Some studies have suggested that this type of GO is related to an individual drug or metabolite susceptibility (5) since gingival fibroblasts show an individual drug response (49). It is possible that CsA and its metabolites react with a phenotypically distinct subpopulation of gingival fibroblasts causing an increase in protein synthesis and rate of cell proliferation (50, 51). However, fibroblast heterogeneity has been demonstrated in relation to collagenase activity suggesting that CsA-GO involves an increase in the amount of collagen and extra cellular matrix formation (52) rather than an increase in the number of fibroblasts (53); this is could be a strange condition because IL-6 inhibits fibroblast proliferation (by the inhibiting of stimulatory cytokines) (54).

Morton et al. (55) found that gingival fibroblasts respond to CsA increasing IL-6 secretion, which itself enhances collagen and glycosaminoglycan synthesis. They also observed that CsA synergizes with IL-1ß to further up-regulated IL-6 secretion asserted that one of the pathogenic mechanisms underlying drug-induced GO might be enhanced secretion of IL-6 by gingival fibroblasts (55). It has been reported that gingival fibroblasts produce considerable quantity of IL-6, especially after stimulation with bacteria or other cytokines (56).

In renal transplantation patients (57) increased levels of IL-6 have been reported, (58,59), but the cellular origin of IL-6 in CsA-GO is unknown. Although immune cells such as lymphocytes and monocytes could be the source of this cytokine, it is evident that the substantial rise in IL-6 activity in renal transplant or gingival tissues of CsA-treated patients cannot be attributed to inflammatory cell infiltrates (60, 61).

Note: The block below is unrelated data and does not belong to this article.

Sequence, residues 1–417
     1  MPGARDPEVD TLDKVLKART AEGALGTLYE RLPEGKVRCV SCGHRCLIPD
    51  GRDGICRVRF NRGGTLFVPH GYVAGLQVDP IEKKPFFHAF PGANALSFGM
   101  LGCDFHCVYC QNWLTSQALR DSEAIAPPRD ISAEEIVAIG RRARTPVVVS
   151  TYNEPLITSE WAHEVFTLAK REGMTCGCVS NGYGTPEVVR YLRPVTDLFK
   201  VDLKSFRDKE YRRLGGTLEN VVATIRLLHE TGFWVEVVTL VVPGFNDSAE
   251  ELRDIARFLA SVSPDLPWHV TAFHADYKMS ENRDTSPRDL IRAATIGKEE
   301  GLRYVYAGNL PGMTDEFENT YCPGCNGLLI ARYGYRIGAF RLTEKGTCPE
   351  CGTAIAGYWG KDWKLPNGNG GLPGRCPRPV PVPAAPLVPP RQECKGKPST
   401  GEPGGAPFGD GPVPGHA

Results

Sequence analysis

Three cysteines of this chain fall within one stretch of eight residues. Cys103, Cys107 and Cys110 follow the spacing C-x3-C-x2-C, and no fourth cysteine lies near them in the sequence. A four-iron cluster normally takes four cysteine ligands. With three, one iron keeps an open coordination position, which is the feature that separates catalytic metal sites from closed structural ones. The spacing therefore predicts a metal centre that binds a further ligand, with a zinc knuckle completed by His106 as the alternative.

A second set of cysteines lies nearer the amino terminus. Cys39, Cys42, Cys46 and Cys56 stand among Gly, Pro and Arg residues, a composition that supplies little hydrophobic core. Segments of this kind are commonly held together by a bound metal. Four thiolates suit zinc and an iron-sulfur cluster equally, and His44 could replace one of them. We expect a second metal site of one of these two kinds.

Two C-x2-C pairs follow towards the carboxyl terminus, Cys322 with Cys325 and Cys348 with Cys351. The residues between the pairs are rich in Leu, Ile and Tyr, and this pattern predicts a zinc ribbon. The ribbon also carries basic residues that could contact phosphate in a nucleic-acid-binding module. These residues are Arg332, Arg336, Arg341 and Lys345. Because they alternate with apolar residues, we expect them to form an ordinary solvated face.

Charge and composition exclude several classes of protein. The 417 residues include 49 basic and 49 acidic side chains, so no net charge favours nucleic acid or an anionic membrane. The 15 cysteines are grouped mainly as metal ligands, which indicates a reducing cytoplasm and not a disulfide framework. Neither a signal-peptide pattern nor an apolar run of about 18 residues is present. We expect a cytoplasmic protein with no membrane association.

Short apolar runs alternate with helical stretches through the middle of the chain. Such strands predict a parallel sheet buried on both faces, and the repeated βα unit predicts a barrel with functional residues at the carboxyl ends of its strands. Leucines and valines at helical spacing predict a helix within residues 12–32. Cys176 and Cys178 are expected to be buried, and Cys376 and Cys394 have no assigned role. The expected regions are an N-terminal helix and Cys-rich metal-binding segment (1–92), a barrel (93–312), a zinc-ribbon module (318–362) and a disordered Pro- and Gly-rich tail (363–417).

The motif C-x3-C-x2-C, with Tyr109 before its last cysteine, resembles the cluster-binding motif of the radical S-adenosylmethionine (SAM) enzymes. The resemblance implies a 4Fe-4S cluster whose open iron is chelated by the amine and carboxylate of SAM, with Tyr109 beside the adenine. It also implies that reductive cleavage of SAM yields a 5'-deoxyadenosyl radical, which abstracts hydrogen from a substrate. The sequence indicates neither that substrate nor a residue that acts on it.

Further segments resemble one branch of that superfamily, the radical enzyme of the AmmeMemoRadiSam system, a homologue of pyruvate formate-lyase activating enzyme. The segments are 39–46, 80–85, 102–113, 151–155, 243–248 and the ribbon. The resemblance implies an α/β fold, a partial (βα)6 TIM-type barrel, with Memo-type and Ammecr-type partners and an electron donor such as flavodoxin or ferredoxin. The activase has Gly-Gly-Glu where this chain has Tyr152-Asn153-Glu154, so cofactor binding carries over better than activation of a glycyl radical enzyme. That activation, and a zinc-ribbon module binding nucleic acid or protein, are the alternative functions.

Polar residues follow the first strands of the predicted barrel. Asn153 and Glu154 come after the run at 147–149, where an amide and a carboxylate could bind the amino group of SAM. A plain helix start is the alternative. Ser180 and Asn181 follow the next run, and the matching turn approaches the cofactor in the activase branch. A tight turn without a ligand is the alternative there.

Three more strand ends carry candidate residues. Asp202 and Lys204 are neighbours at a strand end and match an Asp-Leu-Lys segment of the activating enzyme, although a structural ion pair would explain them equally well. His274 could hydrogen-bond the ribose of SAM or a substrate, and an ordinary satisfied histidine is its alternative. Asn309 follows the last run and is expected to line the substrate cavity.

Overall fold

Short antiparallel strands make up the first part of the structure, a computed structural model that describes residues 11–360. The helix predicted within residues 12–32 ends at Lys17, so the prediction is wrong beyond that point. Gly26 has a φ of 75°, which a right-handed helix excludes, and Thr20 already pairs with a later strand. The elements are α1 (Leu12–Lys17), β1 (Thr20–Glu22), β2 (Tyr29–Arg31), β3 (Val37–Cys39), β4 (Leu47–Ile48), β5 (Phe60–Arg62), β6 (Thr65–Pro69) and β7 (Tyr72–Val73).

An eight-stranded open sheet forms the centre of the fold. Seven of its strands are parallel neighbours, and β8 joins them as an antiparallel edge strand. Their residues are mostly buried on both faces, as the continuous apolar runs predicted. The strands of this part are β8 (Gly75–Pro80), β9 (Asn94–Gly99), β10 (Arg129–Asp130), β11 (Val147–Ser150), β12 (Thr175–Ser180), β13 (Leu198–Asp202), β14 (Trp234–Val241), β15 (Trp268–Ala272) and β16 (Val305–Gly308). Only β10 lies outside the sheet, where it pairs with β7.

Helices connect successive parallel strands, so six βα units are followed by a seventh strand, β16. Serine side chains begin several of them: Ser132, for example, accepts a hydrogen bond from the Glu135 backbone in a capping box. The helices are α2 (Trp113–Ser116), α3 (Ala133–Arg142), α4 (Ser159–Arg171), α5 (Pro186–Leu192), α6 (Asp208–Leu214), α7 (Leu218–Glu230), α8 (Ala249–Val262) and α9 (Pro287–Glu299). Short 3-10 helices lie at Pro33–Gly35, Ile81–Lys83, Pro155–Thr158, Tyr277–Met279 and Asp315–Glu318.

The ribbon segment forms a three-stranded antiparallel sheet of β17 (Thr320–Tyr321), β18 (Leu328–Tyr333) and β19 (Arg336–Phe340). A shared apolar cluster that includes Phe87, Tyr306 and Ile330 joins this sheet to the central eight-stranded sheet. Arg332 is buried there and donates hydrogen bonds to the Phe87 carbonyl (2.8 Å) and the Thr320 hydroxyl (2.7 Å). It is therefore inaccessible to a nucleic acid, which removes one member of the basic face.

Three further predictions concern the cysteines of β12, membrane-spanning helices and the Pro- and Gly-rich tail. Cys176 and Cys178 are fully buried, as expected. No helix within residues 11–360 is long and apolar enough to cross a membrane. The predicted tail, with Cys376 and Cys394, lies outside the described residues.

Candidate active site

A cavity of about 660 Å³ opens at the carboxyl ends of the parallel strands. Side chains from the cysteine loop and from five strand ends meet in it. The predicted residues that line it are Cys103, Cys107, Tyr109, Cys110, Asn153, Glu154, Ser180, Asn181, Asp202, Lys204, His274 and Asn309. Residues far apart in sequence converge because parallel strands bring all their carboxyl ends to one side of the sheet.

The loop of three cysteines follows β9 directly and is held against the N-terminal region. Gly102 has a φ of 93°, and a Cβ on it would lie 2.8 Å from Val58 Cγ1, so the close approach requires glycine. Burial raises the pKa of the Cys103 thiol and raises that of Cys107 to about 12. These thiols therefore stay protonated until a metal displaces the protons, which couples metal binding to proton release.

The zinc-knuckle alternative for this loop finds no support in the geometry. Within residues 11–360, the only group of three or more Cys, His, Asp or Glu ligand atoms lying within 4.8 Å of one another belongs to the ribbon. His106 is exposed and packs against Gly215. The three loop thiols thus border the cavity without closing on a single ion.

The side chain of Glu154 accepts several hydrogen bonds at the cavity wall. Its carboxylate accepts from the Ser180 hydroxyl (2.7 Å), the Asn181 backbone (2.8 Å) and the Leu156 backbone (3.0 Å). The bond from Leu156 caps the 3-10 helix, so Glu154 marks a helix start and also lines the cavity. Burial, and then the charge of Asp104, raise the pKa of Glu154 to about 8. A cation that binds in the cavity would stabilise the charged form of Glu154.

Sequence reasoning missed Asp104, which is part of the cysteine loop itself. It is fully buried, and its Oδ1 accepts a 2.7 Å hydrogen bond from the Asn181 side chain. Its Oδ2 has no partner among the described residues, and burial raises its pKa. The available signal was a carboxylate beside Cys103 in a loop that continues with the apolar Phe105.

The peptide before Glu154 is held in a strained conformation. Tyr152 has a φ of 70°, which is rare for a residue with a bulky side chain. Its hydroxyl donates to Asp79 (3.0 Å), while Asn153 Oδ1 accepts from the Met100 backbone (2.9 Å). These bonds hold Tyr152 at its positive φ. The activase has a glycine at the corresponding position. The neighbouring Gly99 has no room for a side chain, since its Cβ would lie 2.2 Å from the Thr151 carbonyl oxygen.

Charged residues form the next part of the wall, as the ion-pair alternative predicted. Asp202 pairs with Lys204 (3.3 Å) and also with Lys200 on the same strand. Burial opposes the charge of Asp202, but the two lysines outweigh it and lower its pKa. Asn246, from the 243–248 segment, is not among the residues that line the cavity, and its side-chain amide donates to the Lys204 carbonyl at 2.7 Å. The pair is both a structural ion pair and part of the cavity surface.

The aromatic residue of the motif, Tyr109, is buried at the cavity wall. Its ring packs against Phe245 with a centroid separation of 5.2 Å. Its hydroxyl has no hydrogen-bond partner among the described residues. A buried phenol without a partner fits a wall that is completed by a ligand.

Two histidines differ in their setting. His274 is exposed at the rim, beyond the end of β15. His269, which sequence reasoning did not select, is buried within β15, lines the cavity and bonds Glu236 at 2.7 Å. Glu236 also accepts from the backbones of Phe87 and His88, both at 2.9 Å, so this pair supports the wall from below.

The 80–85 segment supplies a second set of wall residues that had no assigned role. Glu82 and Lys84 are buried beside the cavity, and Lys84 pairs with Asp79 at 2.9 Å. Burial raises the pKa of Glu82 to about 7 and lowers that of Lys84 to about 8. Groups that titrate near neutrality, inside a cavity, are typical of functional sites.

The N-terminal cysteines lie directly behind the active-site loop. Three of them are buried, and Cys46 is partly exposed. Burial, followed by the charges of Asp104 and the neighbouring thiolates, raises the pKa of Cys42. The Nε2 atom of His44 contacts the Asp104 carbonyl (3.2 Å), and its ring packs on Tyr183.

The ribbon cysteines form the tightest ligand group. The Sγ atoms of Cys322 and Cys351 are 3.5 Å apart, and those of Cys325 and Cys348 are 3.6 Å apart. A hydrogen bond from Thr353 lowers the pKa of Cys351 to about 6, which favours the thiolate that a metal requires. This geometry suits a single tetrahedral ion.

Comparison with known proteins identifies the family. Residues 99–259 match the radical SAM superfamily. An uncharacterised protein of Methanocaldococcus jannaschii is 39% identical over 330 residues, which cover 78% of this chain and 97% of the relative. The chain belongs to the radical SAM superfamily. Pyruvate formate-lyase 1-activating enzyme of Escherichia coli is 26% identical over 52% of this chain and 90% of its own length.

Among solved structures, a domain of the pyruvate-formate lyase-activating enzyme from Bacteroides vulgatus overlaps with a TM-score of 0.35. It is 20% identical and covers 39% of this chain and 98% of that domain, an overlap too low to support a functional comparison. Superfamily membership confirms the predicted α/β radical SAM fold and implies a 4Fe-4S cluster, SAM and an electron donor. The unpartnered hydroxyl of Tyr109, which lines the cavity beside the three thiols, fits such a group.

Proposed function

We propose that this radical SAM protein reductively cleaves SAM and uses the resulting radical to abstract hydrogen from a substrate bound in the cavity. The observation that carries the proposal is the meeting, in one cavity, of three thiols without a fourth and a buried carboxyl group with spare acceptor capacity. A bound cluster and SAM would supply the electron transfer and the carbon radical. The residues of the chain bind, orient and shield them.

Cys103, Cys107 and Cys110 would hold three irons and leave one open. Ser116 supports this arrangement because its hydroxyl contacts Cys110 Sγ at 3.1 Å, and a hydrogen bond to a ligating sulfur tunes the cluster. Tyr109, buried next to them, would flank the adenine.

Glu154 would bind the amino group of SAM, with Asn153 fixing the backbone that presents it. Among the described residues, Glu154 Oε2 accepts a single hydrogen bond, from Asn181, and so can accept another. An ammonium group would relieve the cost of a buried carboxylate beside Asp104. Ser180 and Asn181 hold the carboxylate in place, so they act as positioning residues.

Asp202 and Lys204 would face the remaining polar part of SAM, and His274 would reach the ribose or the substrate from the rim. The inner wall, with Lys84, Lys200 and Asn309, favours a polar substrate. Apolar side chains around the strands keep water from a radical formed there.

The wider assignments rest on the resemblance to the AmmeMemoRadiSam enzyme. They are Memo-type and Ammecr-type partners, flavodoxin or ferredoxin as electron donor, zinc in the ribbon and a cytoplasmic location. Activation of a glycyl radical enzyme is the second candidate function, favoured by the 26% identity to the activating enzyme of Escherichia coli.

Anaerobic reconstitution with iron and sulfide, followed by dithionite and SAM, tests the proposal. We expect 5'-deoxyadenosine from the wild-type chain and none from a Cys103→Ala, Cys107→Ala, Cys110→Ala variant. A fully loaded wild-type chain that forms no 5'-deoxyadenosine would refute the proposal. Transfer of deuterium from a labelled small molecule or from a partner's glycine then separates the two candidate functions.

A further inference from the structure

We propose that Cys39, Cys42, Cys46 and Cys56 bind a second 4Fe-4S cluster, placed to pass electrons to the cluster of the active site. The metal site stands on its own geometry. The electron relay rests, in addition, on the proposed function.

In relation to phagocytosis, fibroblasts from CsA-GO showed reduced phagocyte activity in inflamed tissue, as a result of lower proportions of phagocytes (35, 62). An increased rate of synthesis coupled with a decreased rate of phagocytosis would result in an evident increased amount of essential substance and it could explain the increase of connective tissue volume in CsA-GO.

Hence, it is possible to hypothesize that those individuals treated by CsA and genetically susceptible to GO, have got an appropriate mixture of fibroblast and lymphocyte subpopulations, as being able to interact with CsA in inflamed gingival tissue, up to the well known GO clinical manifestations (63).


CSA therapy in autoinmune disorders and oral side effects